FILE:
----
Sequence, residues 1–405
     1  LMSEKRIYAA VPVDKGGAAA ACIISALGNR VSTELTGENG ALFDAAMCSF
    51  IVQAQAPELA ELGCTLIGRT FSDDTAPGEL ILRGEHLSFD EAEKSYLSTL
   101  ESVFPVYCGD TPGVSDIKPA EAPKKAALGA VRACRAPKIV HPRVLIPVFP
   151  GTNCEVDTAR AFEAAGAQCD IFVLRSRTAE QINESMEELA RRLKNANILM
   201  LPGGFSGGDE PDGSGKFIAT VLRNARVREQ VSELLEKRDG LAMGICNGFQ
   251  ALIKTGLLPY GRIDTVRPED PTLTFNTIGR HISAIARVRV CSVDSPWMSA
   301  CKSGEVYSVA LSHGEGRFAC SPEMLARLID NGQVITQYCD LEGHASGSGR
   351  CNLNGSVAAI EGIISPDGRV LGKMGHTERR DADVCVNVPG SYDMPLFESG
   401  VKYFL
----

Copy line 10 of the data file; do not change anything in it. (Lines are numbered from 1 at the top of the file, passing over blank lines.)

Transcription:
   401  VKYFL